- Is your language really good enough? Obviously, to study in the UK, you will have to prove that you have a high-enough level of English to satisfy the visa requirements. However, for undergraduates, the required level of language is relatively low (for example, a 5.5 or a 6.0 in IELTS) and you may want to consider if you can realistically perform well in a degree course delivered in English. Sure, lectures are recorded now, so you an listen to the the again, and we have a lot of translating tool, but the truth is that being able to learn difficult concepts in a second language is not easy.
I do not regret studying in the UK. but I always think that If I could understand English, I would have gained more knowledge. I was not ready. So now I am still struggling with English. When I was studying IELTS, I knew a variety of vocabulary. While I was studying the master course, I only used limited vocabulary for the subject, and most of the time was writing, reading, and listening. So my speaking has not improved and I have forgotten many of the vocabulary needed for everyday life.
- Do you want to take advantage of the new GRADUATE ROUTE VISA? There’s great news for anyone considering studying in the UK in 2021, as the government has announced that its new Graduate Route post-study work visa will open on 1 July 2021. This means that gradates from UK universities are now able to stay in the UK after graduation to look for work, which can be a great step on the path to permanent residency. Masters graduates (and Bachelors graduates) can live and work in the UK for up to two year. PhD graduates can live and work in the UK for up to three years. If your main aim for studying in the UK is to move their permanently, this new visa will make it much easier and go a long way to justifying the cost of your degree.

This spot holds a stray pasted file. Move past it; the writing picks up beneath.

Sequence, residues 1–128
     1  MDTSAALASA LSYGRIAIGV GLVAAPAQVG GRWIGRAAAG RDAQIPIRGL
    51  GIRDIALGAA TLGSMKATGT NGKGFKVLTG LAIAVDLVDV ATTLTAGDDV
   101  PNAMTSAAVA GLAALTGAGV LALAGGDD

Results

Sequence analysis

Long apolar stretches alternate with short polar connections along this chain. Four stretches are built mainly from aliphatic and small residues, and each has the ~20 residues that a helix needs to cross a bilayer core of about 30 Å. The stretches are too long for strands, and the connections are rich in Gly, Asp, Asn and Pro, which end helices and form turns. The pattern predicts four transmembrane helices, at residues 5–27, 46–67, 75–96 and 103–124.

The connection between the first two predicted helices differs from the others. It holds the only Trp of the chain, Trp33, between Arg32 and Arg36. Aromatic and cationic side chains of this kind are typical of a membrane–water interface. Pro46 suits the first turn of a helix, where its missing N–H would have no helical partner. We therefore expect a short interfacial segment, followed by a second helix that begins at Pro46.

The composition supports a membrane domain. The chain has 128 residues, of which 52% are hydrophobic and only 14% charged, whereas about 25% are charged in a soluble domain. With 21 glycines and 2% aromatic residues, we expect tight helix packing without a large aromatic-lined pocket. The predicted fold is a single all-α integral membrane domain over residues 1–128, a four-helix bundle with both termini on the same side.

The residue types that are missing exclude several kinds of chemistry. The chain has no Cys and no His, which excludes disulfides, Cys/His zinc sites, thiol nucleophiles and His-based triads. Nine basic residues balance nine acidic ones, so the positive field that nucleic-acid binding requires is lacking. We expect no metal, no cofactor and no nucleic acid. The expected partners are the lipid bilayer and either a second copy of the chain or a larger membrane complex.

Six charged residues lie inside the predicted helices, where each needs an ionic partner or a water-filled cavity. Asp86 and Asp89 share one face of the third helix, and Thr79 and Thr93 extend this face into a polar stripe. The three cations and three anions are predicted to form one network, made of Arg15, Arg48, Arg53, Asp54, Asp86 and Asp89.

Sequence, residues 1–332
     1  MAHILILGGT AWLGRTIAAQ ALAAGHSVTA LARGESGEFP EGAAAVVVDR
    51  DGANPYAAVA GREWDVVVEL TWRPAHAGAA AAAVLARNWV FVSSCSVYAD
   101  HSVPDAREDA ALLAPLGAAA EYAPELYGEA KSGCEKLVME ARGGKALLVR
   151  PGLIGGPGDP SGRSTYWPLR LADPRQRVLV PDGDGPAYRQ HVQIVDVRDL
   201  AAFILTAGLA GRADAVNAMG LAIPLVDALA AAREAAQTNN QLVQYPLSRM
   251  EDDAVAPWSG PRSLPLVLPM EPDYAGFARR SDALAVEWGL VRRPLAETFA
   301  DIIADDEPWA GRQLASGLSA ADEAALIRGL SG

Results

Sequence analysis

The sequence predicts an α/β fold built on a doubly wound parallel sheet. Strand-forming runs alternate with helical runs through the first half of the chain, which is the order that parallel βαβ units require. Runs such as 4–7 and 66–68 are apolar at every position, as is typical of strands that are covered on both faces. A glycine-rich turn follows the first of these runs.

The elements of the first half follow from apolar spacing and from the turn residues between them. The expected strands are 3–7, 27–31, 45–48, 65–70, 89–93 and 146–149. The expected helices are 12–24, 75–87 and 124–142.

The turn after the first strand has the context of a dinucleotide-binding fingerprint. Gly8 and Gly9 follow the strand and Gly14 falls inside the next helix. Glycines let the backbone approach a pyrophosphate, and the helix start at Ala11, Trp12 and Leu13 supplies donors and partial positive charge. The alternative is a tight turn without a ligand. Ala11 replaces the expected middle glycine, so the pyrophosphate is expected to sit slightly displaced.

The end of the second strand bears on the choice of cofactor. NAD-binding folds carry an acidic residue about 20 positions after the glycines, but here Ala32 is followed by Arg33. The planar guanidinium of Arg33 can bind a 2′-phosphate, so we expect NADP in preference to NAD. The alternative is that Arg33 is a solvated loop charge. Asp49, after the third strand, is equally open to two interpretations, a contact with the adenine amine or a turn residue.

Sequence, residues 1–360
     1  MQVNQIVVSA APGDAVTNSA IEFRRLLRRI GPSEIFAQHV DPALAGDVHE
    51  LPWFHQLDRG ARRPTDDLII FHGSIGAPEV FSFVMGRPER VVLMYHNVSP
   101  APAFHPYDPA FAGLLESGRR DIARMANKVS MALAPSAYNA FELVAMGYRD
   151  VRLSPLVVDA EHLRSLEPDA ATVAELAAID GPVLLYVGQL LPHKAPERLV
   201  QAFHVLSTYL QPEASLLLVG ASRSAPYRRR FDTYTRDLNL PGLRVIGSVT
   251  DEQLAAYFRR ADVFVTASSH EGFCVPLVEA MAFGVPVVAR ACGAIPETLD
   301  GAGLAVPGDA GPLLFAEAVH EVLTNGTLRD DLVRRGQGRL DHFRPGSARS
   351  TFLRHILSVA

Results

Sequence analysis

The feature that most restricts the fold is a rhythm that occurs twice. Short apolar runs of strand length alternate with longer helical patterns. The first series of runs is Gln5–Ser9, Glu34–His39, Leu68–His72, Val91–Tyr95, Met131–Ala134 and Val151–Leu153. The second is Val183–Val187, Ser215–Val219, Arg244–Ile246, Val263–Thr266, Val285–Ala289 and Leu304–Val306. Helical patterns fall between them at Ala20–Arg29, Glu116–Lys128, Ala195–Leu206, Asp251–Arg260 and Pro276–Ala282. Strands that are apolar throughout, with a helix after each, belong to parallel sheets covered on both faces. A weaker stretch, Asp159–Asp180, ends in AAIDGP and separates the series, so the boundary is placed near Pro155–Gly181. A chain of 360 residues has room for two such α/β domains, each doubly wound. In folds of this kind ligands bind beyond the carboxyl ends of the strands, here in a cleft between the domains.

27:30 – 41:38 – How can I choose the right university and course in the UK?
OK, so you have decided that studying in the UK is the right option for you, so the next step is choosing the best university and curs for you. In many respects, this is the most important decision that you will make as it will fundamentally affect the whole experience you have as an international student.
- Look at the University league tables: Every year, a number of league tables are published that rank each of the Uk’s universities according to a number of criteria (level of teaching, student satisfaction, etc) These tables can be a bit of a minefield as they can differ significantly, but they are a good way of getting an overall view of where the different institutes place in relation to one another (although Oxford, Cambridge, St Andrews and Durham are almost always in the top four) I recommend that these:
- Investigate the league tables for your particular course: Although the university league tables are a good place to start, you will find that position of each subject can cary greatly depending on subjects. I recently helped one of our students, Zina, apply to dentistry schools in the UK. I discovered that Plymouth has one of the most respected dentistry courses despite being low on the over university league table.
- Take an in depth look into the course you are interested in: Once you have selected two of three universities that look promising, take a deep dive into what the courses will actually cover. What modules will you have to undertake? Will you have a chance to do a year abroad or get practical experience? At the end of the day, this is what you are actually speeding your money on, so find out as much as you can about the curriculum to see if it really matches your needs. You may be surprised that courses with the same names cover vastly different content!